We’ve been fortunate that, over the years, the government offices that have provided the data we rely upon have done so with increasing levels of efficiency. But they don’t have the mandate to add the value to the data that CRP adds, nor will they present it in all the various ways that we do or can. These government disclosure offices serve a vital function, allowing groups like ours to sort and sift it for context, patterns and meaning and share it with the public.
The primary thing the new administration can do is support government agency personnel to continue to dutifully gather, organize and provide access to the government data that is so crucial to the press, public academics and researchers. The new administration must continue the work of prior administrations to keep government records, particularly the “conflict of interest” data that CRP relies on to populate OpenSecrets.org, open and freely available.
Kiely: Aside from “write checks,” is there any message you have for donors who are interested in supporting democracy-promoting organizations as we enter the holiday giving season?
Krumholz: As anyone who has worked in a nonprofit knows, writing checks is no small thing. It can mean the difference between doing work that needs to be done or not doing it.
Aside from supporting these organizations financially, however, there are several important things that we must all strive to do:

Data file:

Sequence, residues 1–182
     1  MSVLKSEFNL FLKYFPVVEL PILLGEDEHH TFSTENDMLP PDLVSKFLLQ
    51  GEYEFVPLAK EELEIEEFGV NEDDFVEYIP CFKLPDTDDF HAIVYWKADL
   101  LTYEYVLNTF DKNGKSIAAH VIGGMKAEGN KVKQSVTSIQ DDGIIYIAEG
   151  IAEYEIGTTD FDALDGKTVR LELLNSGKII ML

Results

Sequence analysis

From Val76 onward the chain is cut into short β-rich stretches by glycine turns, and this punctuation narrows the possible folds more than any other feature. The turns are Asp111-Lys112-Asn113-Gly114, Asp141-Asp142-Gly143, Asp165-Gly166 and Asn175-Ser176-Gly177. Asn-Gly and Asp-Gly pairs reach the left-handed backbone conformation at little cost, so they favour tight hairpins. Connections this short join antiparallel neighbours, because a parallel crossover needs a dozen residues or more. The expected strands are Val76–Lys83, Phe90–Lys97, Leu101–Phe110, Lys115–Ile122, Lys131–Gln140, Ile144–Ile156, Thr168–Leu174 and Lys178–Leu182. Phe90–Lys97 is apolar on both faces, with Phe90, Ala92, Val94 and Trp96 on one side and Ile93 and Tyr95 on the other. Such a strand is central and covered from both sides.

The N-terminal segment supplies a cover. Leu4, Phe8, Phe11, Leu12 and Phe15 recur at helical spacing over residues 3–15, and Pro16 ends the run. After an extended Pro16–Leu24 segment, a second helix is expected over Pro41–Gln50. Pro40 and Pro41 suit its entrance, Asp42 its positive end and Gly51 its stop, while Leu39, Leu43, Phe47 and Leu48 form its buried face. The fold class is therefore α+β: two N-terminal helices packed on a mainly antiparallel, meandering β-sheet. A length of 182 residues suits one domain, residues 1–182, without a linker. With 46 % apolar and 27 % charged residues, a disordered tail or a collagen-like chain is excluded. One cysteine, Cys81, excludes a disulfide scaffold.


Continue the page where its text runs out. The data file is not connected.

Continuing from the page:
- In an era of “fake news,” each of us must take extra care to ensure that our news sources are credible and to seek alternative perspectives — much as we expect our representatives in Washington to do the same. Do your due diligence. Don’t be the choir.
- If you come across an impactful story from a news outlet or nonprofit organization that you respect, share it! Especially on Facebook, sharing more than “liking” will help the organization promote content that deserves an audience.
- If, like most of us, you engage on social media, be civil. Don’t be a troll and don’t feed the trolls. The divisions in society are serious and we can’t just wish to return to the days where societal norms held virulent behavior in check. Set your standards, live by them and talk about why they’re important to you.